Ex. 6. Give the opposite meaning to the following words:
upward, sail, light displacement, sufficient statics, abovewater, external, dependent, lift, slowly, stable, loading, preserve, decrease, definite, damaged, longitudinal.


Section 2. Types of cargo ships

Words and Terms to be Remembered

dry cargo ship tanker universal ship general cargo design bulker timber-carrier reefer perishables catwalk pump pipeline liquefy Ro-Ro vessel vehicle rolling stock trailer ramp container guide lighter LASH quay

Read the text and find the answers to the following questions.

1. What two main groups are all cargo ships divided into?
2. What is the difference between universal and specialized cargo ships?
3. How can dry cargo vessels be classified in dependence of the cargo handling methods they use?
4. What idea do LASH and container ships have in common?



Cargo ships make up the largest group of transport ships. On the one hand, all cargo ships are divided into two types - dry cargo ships and tankers, or oil-carrying ships. On the other hand, cargo ships may be divided into universal ships designed to carry general cargoes and specialized ships designed to carry one definite type of cargo. Such specialized ships as bulkers, timber carriers, reefer ships, tankers have long been known.

Bulkers (or bulk carriers) are intended for the carriage of grain, ore, sugar, coal, cement and other bulk cargoes. They are single-decked ships of large size, with no tweendecks in their holds but fitted with special cargo handling equipment such as grabs, suction plants, etc.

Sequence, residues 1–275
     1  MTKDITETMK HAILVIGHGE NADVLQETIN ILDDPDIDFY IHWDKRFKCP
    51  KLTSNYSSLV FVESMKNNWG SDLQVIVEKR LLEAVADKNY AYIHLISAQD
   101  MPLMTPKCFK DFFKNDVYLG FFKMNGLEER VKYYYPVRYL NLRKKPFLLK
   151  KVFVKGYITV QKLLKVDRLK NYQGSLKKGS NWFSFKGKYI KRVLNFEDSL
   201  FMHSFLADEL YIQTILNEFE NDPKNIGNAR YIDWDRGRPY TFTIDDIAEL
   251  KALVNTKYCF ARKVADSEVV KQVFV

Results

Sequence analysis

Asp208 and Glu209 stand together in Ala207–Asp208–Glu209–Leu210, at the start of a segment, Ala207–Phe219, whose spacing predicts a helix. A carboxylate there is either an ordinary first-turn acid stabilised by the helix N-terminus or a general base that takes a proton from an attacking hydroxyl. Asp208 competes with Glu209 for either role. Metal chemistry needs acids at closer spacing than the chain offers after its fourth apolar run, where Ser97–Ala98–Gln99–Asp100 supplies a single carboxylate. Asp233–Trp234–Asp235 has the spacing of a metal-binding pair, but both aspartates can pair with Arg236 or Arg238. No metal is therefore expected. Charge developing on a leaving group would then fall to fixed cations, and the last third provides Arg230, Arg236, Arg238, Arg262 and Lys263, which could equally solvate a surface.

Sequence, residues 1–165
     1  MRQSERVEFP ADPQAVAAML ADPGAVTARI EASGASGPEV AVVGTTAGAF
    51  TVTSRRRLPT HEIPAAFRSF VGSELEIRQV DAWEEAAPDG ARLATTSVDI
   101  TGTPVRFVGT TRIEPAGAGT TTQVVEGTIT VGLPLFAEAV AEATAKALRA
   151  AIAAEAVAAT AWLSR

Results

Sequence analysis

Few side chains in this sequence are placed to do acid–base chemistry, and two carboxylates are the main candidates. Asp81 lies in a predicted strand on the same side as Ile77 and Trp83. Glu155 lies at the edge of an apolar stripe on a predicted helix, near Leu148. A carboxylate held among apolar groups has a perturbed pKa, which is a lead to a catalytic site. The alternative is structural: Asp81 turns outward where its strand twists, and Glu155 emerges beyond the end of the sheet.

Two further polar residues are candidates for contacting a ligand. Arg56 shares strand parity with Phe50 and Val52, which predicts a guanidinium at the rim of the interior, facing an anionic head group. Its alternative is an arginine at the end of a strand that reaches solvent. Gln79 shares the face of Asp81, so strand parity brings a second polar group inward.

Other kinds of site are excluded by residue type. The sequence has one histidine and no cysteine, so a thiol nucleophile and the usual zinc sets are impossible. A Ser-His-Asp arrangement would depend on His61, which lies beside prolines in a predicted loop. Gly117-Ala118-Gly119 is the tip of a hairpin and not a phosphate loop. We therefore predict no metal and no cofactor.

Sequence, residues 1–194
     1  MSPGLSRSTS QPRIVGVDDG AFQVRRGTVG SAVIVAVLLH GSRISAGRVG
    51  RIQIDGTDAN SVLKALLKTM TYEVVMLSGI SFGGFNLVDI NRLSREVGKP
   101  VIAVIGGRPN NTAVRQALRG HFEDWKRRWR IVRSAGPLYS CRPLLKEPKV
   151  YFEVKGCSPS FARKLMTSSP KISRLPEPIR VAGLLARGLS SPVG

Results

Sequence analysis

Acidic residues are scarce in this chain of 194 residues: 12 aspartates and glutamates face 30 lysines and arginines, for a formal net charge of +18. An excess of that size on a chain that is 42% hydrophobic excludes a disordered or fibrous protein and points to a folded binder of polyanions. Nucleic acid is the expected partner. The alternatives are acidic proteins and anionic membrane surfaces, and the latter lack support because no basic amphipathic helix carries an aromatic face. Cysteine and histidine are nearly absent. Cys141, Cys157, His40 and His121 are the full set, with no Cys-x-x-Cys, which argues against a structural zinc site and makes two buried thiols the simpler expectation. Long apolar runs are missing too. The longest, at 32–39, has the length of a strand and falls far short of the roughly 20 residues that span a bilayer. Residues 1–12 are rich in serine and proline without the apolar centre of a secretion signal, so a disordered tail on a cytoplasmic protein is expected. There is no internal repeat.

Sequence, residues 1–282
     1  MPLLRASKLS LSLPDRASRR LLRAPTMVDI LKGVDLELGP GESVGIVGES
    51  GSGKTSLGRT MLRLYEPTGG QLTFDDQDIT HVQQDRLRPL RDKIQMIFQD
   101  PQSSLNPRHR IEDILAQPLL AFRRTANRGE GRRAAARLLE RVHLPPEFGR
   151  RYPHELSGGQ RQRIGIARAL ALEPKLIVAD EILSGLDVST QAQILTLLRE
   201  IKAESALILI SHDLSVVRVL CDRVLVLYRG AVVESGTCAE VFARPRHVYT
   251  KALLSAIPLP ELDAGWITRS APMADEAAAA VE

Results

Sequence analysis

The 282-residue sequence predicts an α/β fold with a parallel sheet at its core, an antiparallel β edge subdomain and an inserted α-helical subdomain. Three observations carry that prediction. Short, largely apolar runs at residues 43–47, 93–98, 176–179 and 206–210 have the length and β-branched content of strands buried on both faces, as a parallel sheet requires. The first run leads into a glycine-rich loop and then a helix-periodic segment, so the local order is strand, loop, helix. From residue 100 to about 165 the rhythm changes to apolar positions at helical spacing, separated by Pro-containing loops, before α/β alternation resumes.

Reefer ships are designed to carry vegetables and fruits, cooled and refrigerated cargoes, that's why they are fitted with the refrigeration plant which can keep as low temperature as -18 °C, -30 °C for a long period. Reefers have higher speed to deliver perishables in time.

Timber carriers carry timber in logs, as well as technological chip. Their main cargo handling equipment is heavy cranes, derricks and loaders. Some of the timber is carried on deck.

Tanker is designed to carry oil and oil products of several grades simultaneously. It is one-deck vessel mostly with aft location of the engine room and bridge superstructure. The bridge is connected to the forecastle by the catwalk. The cargo spaces are tanks, all tankers being provided with pipelines and pumps. Nowadays there are mammoth tankers of 300,000 dwt (VLCC - very large crude carrier) and up to 800,000 dwt (ULCC - ultra-large crude carrier). There are gas carriers for the carriage of liquefied natural gases (LNG) and liquefied petroleum gases (LPG).

Three main trends in specialized ships have emerged.

One is cargo ships with cargo handling equipment on board. These ships are also called special purpose ships.

The second trend is Roll-on/Roll-off ships (Ro-Ro). They are specially designed for transportation of various wheeled vehicles (cars, rolling stock, tracked vehicles, trailers), as well as unitized, lengthy/bulky cargo units. The cargo handling operations on the Ro-Ro ships are performed in horizontal direction - by driving on/driving off through different kinds of ramps.